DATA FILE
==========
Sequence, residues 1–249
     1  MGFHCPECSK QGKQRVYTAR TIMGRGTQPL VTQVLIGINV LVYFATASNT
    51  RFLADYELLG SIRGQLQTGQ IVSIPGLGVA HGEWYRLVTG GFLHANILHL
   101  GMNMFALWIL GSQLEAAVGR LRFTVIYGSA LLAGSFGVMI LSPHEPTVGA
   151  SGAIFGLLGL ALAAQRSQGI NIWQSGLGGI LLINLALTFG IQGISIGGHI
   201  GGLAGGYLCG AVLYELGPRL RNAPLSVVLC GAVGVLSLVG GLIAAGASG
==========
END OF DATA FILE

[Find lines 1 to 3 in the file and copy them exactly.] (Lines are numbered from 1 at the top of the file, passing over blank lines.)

Sequence, residues 1–249
     1  MGFHCPECSK QGKQRVYTAR TIMGRGTQPL VTQVLIGINV LVYFATASNT
    51  RFLADYELLG SIRGQLQTGQ IVSIPGLGVA HGEWYRLVTG GFLHANILHL